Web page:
Tre McBride was the Defenders second selection in this phase. McBride is yet another player on the Defenders who was released at cutdown day by an NFL team (Jaguars). McBride is a small school product out of William & Mary, a track star, who ran a 4.3 at 6’0 and 210 pounds. It got him drafted in the 7th round by The Titans in 2015. Despite his skillset as a potentially dynamic receiver and returner. McBride at just 26 years old, has been on 5 NFL teams, but has never been able to break through. The Defenders also drafted former Penn State speedster DeAndre Thompkins at the receiver position in this phase. Thompkins is an undrafted rookie signed by the Eagles, who ran a 4.33 40 at PSU’s Pro Day. The Eagles obviously saw something they liked in him, because they reportedly paid him $85,000 guaranteed to sign, which was the third-most paid out among the NFL’s undrafted free agents. He was cut by the Eagles this summer, after battling a shoulder injury. In his Penn State career, Thompkins caught 83 passes for 1,245 yards and six touchdowns. He was also a factor in the return game, where he averaged 10.2 yards on 66 punt returns and scored two touchdowns. This is another projection pick by the Defenders, as Thompkins wasn’t a big receiving star in college but he is loaded with upside. Rounding out the receiver group in this phase is the son of former NFL great, WR Ed McCaffrey, and the brother of currently off the charts great running back, Christian McCaffrey. Max McCaffrey, only 26, has been on 5 different teams in the NFL, and has only 1 career catch. A heady player with good size and football smarts, McCaffrey could be headed to a potential slot role in the Defenders offense.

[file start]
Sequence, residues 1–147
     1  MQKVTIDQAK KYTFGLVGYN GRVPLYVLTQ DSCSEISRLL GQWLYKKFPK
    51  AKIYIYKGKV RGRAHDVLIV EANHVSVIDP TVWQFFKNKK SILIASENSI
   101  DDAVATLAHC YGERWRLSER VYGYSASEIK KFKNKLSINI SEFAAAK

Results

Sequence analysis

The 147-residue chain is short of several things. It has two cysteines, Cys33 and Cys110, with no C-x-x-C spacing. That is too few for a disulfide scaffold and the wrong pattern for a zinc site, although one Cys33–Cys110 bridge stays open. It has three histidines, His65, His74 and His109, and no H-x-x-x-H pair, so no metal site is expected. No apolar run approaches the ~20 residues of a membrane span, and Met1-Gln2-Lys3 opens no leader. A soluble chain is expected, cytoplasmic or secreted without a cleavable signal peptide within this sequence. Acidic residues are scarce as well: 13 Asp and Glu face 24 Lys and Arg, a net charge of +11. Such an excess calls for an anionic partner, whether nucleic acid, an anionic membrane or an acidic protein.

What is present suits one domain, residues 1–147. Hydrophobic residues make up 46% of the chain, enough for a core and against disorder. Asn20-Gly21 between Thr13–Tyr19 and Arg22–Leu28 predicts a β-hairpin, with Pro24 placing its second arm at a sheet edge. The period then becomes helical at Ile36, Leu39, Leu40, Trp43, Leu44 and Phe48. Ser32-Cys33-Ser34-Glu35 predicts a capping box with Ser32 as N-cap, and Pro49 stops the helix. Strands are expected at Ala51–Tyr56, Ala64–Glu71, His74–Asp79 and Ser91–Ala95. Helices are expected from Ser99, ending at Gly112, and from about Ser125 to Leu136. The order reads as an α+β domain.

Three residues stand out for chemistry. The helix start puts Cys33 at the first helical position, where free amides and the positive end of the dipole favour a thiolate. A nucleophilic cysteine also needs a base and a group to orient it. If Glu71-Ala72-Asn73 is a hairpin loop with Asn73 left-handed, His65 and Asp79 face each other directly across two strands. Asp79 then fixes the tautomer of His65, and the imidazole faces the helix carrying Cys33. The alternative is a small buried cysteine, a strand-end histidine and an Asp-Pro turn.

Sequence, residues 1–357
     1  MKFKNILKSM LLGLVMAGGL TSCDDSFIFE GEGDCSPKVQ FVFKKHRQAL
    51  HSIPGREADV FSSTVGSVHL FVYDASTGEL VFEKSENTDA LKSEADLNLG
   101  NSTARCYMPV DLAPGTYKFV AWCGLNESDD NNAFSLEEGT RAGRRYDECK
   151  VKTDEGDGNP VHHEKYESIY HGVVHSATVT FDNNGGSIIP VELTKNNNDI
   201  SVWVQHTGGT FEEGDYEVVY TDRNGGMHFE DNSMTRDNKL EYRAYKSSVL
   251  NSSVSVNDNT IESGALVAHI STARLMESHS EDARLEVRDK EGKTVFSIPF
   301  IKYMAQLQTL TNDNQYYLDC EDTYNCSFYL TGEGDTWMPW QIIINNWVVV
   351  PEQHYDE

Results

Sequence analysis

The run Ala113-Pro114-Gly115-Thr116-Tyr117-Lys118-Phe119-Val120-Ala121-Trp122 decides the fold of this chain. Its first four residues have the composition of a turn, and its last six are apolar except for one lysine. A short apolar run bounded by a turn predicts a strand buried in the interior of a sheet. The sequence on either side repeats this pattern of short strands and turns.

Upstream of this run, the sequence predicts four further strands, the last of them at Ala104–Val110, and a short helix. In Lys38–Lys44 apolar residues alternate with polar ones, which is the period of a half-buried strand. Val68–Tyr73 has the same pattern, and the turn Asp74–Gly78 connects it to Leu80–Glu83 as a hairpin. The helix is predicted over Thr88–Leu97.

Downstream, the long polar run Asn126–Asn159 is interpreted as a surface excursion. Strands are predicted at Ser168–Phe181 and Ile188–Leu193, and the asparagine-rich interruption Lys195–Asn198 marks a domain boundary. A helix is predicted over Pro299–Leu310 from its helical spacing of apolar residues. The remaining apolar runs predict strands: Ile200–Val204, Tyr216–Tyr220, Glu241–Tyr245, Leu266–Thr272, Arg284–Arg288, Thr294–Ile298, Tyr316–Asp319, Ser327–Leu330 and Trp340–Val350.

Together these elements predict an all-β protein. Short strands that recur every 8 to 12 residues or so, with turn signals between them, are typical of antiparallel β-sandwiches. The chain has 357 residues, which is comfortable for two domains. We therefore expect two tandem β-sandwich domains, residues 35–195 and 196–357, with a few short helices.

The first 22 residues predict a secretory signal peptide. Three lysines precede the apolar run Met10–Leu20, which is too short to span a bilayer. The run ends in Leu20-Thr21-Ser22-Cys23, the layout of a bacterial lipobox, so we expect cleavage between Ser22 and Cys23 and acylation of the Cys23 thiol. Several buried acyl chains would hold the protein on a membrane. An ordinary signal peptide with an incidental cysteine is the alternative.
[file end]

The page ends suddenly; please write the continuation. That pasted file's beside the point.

It can be argued that DC has the best running back duo in the entire league. Jhurell Pressley is another example of a talented runner, who hasn’t been able to rise up the depth chart in the NFL. Despite being a star in college at New Mexico, and running a 4.40 in the 40 yard dash coming out. Pressley went undrafted, and has been on 5 different NFL teams, but has never carried the rock in the regular season. It wasn’t until Jhurell Pressley joined the AAF and was allocated to the Arizona Hotshots, that he would finally get his chance to shine. The Defenders Offensive Line Coach & Run Game Coordinator Chris Scelfo, had one of the AAF’s best three headed backfield attacks with Pressley, Tim Cook and Justin Stockton. All three were drafted into the XFL. No surprise that Jhurell would be high on DC’s board. Teaming up with Jhurell will be the NCAA’s Division I all-time leading rusher in Donnel Pumphrey. The 5’8 176 Pumphrey, was drafted by the Philadelphia Eagles in the 4th round of the 2017 NFL Draft. It was considered a disappointment that he “only” ran a 4.48 coming out of college. Pumphrey ended up tearing his hamstring as a rookie, and missing the entire season. He did earn a superbowl ring with fellow teammate Rashard Davis. The following season, Pumphrey was released on cutdown day, claimed by the Lions on their practice squad, only to be cut again and return to Philly on their practice squad. Pumphrey didn’t make the Eagles roster at cutdown day over a month ago. If Pumphrey can stay healthy at his size, he can finally have the opportunity to display his talents on the field.